This topic uses an ECS instance running the Ubuntu operating system to show how to use the msadm command of the Linux operating system to create a 100-GiB RAID array for multiple data disks.
You have created multiple cloud disks and attached them to the ECS instance. We recommend that you create cloud disks of the same capacity and type. For more information about the procedure to create pay-as-you-go cloud disks, see Create a pay-as-you-go disk and Attach a cloud disk. For more information about the procedure to create subscription cloud disks, see Create a subscription disk.
Independent Array of Independent Disks (RAID) combines multiple cloud disks into a disk array group. Compared with a cloud disk, a RAID array offers higher capacity, read/write bandwidth, reliability, and availability.
We recommend that you use RAID 0 or RAID 1 mode and partition cloud disks in the same size to improve usage of disk space. We recommend that you do not use RAID 5 or RAID 6 mode, because parity check data in RAID5 or RAID6 mode consumes the IOPS of cloud disks and causes performance deterioration.
|RAID 0||Uses striping technology to allocate I/O loads to different cloud disks. High disk space increases throughput directly. The capacity and bandwidth in the array are the sum of the capacity and bandwidth of different disks.||A damaged disk may cause loss of all data because no data redundancy is available.||Has high requirements for I/O performance and is applicable when data is backed up in other methods or no data backup is needed.|
|RAID 1||Provides higher data redundancy because data is stored in different cloud disks in mirroring mode. The lowest capacity and bandwidth of cloud disks are the capacity and bandwidth of the RAID array.||The write performance is poor because data must be written to multiple cloud disks at the same time.||Focuses more on fault tolerance than I/O performance in key applications.|
- Remotely connect to an ECS instance as a root user. For more information about detailed steps, see ECS instance creation overview.
- Run the lsblk command to view information of all cloud disks on the ECS instance.
- Run the mdadm command to create the /dev/md0 RAID array.
- Run the following command to create RAID 0 mode:
root@raid06:~# mdadm --create /dev/md0 --level=0 --raid-devices=5 /dev/vd[bcdef] ices=5 /dev/vd[bcdef] mdadm: Defaulting to version 1.2 metadata mdadm: array /dev/md0 started
--level=0indicates RAID 0 mode and /dev/vd[bcdef] indicates that the RAID array consists of the /dev/vdb, /dev/vdc, /dev/vdd, /dev/vde, and/dev/vdf cloud disks.
- Run the following command to create RAID 1 mode:
root@raid06:~# mdadm --create /dev/md0 --level=1 --raid-devices=5 /dev/vd[bcdef]
--level=1indicates RAID 1 mode.
- Run the following command to create RAID 0 mode:
- Run the mdadm command to view information of the newly created /dev/md0 RAID array.
root@raid06:~# mdadm --detail /dev/md0 /dev/md0: Version : 1.2 Creation Time : Sun May 1912:31:532019 Raid Level : raid0 Array Size : 104775680 (99.92 GiB 107.29 GB) Raid Devices : 5 Total Devices : 5 Persistence : Superblock is persistent Update Time: Sun May 1912: 31: 532019 State : clean Active Devices : 5 Working Devices : 5 Failed Devices : 0 Spare Devices : 0 Chunk Size : 512K Name : raid06:0 (local to host raid06) UUID : 59b65ca6:ad8ffc30:ee439c6b:db6ba*** Events : 0Number Major Minor RaidDevice State 0253160 active sync /dev/vdb 1253321 active sync /dev/vdc 2253482 active sync /dev/vdd 3253643 active sync /dev/vde 4253804 active sync /dev/vdf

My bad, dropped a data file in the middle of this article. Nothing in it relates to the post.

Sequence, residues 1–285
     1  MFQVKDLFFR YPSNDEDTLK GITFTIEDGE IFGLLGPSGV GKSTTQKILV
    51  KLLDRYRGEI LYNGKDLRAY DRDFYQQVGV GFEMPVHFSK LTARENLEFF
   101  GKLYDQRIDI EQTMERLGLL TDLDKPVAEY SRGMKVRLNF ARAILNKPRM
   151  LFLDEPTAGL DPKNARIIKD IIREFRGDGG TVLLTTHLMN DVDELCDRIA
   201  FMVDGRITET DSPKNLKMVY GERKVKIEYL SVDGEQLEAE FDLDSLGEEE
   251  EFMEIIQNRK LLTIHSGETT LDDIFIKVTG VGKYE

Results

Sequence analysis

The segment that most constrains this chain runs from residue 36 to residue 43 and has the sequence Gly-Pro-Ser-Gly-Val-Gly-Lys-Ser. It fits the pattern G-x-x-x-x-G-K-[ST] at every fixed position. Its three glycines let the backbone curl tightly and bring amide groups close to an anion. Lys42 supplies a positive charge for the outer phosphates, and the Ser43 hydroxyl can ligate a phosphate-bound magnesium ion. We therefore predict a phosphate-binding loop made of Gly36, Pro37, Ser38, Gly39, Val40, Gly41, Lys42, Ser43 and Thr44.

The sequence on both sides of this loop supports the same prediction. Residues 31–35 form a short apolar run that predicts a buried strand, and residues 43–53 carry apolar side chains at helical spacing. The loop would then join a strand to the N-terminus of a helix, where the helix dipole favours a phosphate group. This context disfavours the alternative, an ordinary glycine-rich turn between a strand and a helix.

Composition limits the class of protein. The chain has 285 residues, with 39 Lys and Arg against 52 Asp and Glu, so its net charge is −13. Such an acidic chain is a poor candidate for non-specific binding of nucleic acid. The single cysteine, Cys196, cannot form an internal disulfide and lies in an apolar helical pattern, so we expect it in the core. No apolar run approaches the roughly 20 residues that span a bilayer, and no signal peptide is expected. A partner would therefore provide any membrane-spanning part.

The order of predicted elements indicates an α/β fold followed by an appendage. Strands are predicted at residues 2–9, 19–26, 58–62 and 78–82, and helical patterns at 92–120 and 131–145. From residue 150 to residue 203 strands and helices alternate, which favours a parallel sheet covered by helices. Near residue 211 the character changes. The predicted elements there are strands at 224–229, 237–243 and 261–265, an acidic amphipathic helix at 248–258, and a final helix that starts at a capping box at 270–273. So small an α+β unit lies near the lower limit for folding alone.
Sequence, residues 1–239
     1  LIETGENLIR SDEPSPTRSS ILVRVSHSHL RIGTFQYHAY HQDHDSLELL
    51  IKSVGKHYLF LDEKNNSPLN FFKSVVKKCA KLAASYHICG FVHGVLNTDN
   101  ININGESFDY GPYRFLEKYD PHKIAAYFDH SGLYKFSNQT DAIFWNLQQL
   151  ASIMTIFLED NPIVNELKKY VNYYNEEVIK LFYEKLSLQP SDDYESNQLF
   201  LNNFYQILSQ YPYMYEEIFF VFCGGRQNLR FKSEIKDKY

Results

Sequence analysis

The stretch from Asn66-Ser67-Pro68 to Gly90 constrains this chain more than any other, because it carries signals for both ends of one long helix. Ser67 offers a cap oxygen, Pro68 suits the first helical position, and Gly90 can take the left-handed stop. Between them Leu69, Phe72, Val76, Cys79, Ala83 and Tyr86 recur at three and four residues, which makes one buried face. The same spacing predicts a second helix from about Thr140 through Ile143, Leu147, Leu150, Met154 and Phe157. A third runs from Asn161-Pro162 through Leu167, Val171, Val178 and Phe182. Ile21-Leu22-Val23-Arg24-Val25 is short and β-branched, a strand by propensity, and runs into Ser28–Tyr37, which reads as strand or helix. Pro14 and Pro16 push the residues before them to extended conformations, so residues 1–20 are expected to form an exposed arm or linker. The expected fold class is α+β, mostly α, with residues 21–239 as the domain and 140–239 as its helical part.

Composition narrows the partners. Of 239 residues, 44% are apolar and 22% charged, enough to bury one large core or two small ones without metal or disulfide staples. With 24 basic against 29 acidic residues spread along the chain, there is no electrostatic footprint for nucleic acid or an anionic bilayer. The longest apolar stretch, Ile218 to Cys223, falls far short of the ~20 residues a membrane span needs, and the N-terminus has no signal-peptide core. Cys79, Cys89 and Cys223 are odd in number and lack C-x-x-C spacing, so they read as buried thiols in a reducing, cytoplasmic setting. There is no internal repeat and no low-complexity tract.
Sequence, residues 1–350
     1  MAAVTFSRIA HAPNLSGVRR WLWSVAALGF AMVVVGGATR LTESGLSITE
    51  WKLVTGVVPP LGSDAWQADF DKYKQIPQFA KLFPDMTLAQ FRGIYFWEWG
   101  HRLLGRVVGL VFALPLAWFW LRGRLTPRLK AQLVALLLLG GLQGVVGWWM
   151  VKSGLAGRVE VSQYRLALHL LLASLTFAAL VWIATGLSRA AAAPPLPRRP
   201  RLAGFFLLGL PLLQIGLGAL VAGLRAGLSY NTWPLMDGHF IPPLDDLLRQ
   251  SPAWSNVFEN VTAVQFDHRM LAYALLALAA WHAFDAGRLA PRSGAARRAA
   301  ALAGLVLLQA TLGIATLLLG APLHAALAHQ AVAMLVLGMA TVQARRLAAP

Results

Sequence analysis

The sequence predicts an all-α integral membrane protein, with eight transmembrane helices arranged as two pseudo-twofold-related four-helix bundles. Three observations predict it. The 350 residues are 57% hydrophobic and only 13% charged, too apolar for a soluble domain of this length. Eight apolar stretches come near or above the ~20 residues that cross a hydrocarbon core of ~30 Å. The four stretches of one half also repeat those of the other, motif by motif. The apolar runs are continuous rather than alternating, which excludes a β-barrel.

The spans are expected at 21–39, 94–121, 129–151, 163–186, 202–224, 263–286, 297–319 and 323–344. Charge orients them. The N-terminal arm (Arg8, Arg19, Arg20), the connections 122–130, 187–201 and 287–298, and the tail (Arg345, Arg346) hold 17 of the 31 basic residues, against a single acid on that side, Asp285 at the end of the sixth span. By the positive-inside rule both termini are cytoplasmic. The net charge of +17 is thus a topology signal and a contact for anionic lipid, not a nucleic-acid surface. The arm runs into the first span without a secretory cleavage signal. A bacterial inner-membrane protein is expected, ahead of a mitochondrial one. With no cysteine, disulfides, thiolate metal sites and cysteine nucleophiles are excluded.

- Run the mkfs command to create a file system such as ext4 on the RAID array.
You can also create a file system of other types.
root@raid06:~# mkfs.ext4 /dev/md0 mke2fs 1.42.13 (17-May-2015) Creating filesystem with261939204k blocks and 6553600 inodes Filesystem UUID: 4fc55c24-d780-40d5-a077-03b484519*** Superblock backups stored on blocks: 32768, 98304, 163840, 229376, 294912, 819200, 884736, 1605632, 2654208, 4096000, 7962624, 11239424, 20480000, 23887872 Allocating group tables: done Writing inode tables: done Creating journal (32768 blocks): done Writing superblocks and filesystem accounting information: done
- Run the following command using root permissions to create a profile containing RAID
information and configure the RAID array to be automatically reassembled when the
ECS instance starts.
root@raid06:~# sudo mdadm --detail --scan | sudo tee -a /etc/mdadm/mdadm.conf
- (Optional) Create a mount point such as /media/raid0.
You can also attach the cloud disk to an existing directory.
root@raid06:~# mkdir /media/raid0
- Run the mount command to attach a file system. For example, you can attach the /dev/md0 file system
to the /media/raid0 directory.
root@raid06:~# mount /dev/md0 /media/raid0
- Run the df command to view the mount point information of the RAID array.
In the returned information, the file system must be attached to the specified mount point.
root@raid06:~# df -h Filesystem Size Used Avail Use% Mounted on udev 7.9G 07.9G 0% /dev tmpfs 1.6G 3.5M 1.6G 1% /run /dev/vda1 40G 23G 15G 61% / tmpfs 7.9G 0 7.9G 0% /dev/shm tmpfs 5.0M 4.0K 5.0M 1% /run/lock tmpfs 7.9G 07.9G 0% /sys/fs/cgroup tmpfs 1.6G 01.6G 0% /run/user/0 /dev/md0 99G 60M 94G 1% /media/raid0
What to do next
To configure the RAID array to be automatically loaded each time the ECS instance starts, add the following information to the /etc/fstab profile.
- Add auto-start settings to the/etc/fstab profile.
root@raid06:~# echo /dev/md0 /media/rad0 efaults,nofail,nobootwait 02 >> /etc/fstabNote To configure the ECS instance to start when the RAID array is not attached, add nofail settings. Even if an error occurs when you stall a cloud disk, nofail settings allow the ECS instance to start. If you are using the Ubuntu operating system, you also can add nobootwait settings.
- Run the mount command to attach all file systems to the /etc/fstab profile:
root@raid06:~# mount -a